I realize I’ve been sort of light on details around here lately. The weeks leading up to the 4th of July were a hot, sticky blur of activity as the family and I got the house put together for our guests. I spent several weeks on ladders scraping and painting the windows from the back corner of the house around to the front, and made it as far as priming the front windows before I ran out of time. Jen went nuts with mulch and cleaned up the entire yard. Our front garden looks healthy and lush this year, for the first time since we’ve lived here. All of the wood is cleared out of the backyard minus three big rounds, which are tucked up against the woodpiles waiting for a chainsaw. Unfortunately, the week before the parade, the original cradle, which was built over 10 years ago, decided to fall apart and topple over at about 1AM. I moved the wood off to the side, quickly made repairs to both cradles, and the girls and I restacked everything.
The day before the parade, our kegerator decided to crap out. It had been making a bubbling sound for a few months so I knew the time was near, but all of our beer was getting warm. I pulled all of the loose bottles and cans out and iced them in a cooler and left it for after the parade. The replacement I bought is 1″ narrower but both kegs fit just fine. I built a new collar around the top out of trex and got the lid mounted, and all of the beer is back to just-north-of-slushy 39˚.
This weekend we decided to spend some time on the cars. I made a quick dump run (old cooler: bye-bye) and then we busted out the cleaning supplies and aimed them at the CR-V. All the mats came out and everything got vacuumed. Then we got the soap out and washed the outside, sills, rockers, and roof. I pulled the spare tire off and scrubbed the leaves out from underneath. I even used some engine brite to degrease the motor. The clearcoat may be peeling off the hood, but the rest of it looks like a new vehicle. Finally, Jen asked if I would show the girls how to change a flat tire, so we held a clinic in the driveway.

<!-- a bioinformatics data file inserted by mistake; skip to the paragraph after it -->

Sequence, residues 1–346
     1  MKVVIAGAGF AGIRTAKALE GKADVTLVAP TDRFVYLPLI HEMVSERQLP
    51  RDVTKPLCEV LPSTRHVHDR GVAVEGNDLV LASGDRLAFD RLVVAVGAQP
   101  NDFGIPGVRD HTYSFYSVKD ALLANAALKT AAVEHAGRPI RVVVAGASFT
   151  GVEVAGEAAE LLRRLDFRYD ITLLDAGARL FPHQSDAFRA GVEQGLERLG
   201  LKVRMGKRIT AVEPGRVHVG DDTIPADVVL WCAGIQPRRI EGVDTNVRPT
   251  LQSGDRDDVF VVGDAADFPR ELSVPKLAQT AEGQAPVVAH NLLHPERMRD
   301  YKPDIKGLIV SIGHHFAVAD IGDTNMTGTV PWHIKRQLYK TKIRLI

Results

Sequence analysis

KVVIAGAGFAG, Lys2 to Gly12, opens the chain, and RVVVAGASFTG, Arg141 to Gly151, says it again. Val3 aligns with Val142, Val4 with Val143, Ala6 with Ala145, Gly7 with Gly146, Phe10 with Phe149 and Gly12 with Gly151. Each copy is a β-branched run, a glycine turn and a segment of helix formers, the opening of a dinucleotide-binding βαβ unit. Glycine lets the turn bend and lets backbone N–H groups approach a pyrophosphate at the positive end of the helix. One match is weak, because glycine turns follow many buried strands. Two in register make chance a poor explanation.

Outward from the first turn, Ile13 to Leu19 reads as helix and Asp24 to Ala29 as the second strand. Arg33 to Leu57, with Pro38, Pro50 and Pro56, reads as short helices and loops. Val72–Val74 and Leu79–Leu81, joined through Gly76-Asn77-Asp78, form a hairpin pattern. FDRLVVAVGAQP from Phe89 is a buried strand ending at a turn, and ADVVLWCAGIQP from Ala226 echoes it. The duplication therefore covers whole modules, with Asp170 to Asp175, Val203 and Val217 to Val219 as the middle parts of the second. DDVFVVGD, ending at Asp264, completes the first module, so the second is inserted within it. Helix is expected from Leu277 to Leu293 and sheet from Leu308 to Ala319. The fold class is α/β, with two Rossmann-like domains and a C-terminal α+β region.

Then it was off to Oregon Ridge for our friend Jen’s client appreciation party, something we’ve done almost every year since she started them. She’s an old friend from the Cidera days and she has ice cream and bubbles and facepainting and Finley has always loved it. This year she had food and Kona Ice and we got to catch up with friends under a big pavilion in the shade.
The whole weekend has been awesome weather, actually; Sunday the humidity was low so I took advantage and did a bike ride with my neighbors through Patapsco, stopped for a bloody mary at the bottom of the hill, and then rode home. My legs felt like jello but it was worth the workout. Then after Finn’s piano lesson we took the bikes across the street to get her rolling on two wheels. She was nervous at first but pushed off and within seconds was doing easy laps around the parking lot. I couldn’t be prouder of her.
This reenactor showed Finley how a real quill pen works with actual black walnut ink he made himself. He then showed us his collection of flintlock muskets and rifles, explained how he bakes bread as the pioneers did, and generally humbled us with his knowledge. I have no desire to dress in buckskins and wool in August, but I have nothing but respect for men like this. We put the paper he wrote Finley’s name on up on the fridge, and it makes me smile.
Our friend Christopher is in town this weekend, so we took a trip to the American Visionary Art Museum on Saturday afternoon for some brunch on the roof and then a tour through the exhibits. As usual, there’s an astounding selection of work there, and I think Finley enjoyed seeing the show.